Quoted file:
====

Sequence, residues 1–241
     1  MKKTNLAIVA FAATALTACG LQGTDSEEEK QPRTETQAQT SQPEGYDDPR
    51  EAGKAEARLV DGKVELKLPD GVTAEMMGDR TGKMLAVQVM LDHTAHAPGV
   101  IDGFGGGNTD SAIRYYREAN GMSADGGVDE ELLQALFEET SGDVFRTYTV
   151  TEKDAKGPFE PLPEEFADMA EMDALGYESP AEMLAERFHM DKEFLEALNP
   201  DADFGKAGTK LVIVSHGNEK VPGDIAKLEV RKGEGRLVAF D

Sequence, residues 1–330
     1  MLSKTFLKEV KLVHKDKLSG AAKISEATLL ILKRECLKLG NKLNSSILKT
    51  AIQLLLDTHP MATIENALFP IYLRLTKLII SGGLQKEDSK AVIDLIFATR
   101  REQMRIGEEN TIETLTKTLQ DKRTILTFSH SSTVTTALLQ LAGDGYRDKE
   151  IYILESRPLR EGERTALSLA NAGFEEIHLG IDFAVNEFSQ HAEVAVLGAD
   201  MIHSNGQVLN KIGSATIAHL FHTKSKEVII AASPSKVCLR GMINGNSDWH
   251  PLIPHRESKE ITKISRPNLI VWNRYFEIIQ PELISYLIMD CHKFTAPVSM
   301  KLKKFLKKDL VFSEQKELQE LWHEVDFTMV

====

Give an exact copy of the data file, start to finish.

Sequence, residues 1–241
     1  MKKTNLAIVA FAATALTACG LQGTDSEEEK QPRTETQAQT SQPEGYDDPR
    51  EAGKAEARLV DGKVELKLPD GVTAEMMGDR TGKMLAVQVM LDHTAHAPGV
   101  IDGFGGGNTD SAIRYYREAN GMSADGGVDE ELLQALFEET SGDVFRTYTV
   151  TEKDAKGPFE PLPEEFADMA EMDALGYESP AEMLAERFHM DKEFLEALNP
   201  DADFGKAGTK LVIVSHGNEK VPGDIAKLEV RKGEGRLVAF D

Sequence, residues 1–330
     1  MLSKTFLKEV KLVHKDKLSG AAKISEATLL ILKRECLKLG NKLNSSILKT
    51  AIQLLLDTHP MATIENALFP IYLRLTKLII SGGLQKEDSK AVIDLIFATR
   101  REQMRIGEEN TIETLTKTLQ DKRTILTFSH SSTVTTALLQ LAGDGYRDKE
   151  IYILESRPLR EGERTALSLA NAGFEEIHLG IDFAVNEFSQ HAEVAVLGAD
   201  MIHSNGQVLN KIGSATIAHL FHTKSKEVII AASPSKVCLR GMINGNSDWH
   251  PLIPHRESKE ITKISRPNLI VWNRYFEIIQ PELISYLIMD CHKFTAPVSM
   301  KLKKFLKKDL VFSEQKELQE LWHEVDFTMV